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Federal Government Resources: Call numbers for U.S. government publications

A selected topical bibliography of U.S. Federal government information sources primarily but not exclusively located on the WWW.

What is a SuDoc Number?

SuDoc: short for Superintendent of Documents -- the classification system used by the federal government for its publications.

SuDoc Guide at UK (Word file)

Chart of SuDoc Classification and Library of Congress (LC) Classification Numbers

Differences between SuDoc and LC Numbers

  • The item on the left above is a federal publication titled "Forum." It is a journal for English teachers published by the Educational and Cultural Bureau of the Department of State.
  • The item on the right is a book written by T. Swann Harding called "Two Blades of Grass." It is a history of agricultural development.

As you can see, the items are very different and would not logically be shelved near each other. This is because the "S" stem in SuDoc is used by the Department of State and the "S" stem in LC is used for items on agriculture. There are many places where LC and SuDoc use the same stem, so here are a few tips for identifying these items and telling the formats apart.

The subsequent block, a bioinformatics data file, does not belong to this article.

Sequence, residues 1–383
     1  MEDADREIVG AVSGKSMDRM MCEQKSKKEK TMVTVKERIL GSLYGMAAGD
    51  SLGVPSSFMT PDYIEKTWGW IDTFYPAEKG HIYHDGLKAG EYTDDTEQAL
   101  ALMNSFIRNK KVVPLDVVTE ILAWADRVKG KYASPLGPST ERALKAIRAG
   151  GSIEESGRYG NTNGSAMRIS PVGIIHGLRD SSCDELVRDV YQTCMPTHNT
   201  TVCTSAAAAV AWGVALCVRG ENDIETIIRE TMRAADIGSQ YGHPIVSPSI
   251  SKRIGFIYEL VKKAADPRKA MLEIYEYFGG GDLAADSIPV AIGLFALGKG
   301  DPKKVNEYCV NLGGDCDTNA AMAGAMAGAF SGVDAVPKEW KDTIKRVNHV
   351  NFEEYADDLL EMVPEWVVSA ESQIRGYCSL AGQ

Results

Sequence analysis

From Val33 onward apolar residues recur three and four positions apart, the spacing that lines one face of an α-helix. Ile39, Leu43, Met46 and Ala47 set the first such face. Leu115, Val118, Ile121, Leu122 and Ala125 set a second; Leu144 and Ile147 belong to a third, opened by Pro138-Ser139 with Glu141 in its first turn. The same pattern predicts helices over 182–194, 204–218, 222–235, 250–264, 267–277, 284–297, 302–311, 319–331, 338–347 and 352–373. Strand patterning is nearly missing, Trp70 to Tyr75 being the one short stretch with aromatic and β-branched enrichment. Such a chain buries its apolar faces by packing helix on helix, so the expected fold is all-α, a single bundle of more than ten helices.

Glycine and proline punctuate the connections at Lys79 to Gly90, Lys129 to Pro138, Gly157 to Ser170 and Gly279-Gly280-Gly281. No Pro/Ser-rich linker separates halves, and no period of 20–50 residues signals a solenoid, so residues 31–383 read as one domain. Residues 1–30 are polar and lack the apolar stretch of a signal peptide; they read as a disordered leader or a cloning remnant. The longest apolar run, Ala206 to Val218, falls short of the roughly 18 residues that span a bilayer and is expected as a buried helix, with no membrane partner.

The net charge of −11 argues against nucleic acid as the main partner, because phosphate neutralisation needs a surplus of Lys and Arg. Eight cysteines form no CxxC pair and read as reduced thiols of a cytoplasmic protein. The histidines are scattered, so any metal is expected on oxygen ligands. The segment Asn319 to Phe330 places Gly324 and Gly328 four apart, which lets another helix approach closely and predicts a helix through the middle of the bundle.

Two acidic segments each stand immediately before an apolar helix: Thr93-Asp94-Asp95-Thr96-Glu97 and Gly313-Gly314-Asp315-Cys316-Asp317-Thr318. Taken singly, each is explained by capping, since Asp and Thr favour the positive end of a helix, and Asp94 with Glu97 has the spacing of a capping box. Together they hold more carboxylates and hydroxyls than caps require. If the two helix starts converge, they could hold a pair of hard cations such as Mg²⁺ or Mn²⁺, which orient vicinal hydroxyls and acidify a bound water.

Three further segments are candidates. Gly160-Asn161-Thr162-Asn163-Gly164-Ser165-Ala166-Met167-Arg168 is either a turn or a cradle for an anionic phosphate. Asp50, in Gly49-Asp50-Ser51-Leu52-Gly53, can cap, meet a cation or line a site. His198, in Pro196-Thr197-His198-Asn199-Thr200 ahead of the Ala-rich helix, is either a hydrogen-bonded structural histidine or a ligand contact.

1. Look for a "government publication" or "government collection" sticker (see below). Most federal publications have one.
  2. Look for colons and slashes. LC does not use this punctuation; however SuDoc uses it very often. It is the best way to tell them apart.
  3. Look near the back of the book or on the title page. If it says it was distributed through the Government Publishing Office (GPO), it is most likely a federal publication -- the exception to this are titles that are cataloged and housed in the main collection. If it says "GPO" it is a federal publication but might be housed and labeled as LC. The same holds true for items published by government agencies, but not distributed by the GPO.
  4. Check the online catalog InfoKat.  Most recent titles on a topic are often published by U.S. Government agencies.
  5. Sometimes the alignment of the call number or frequency of letters or punctuation can give a strong indication as to which format the book is, as shown above.

U.S. Gov Publication Sticker: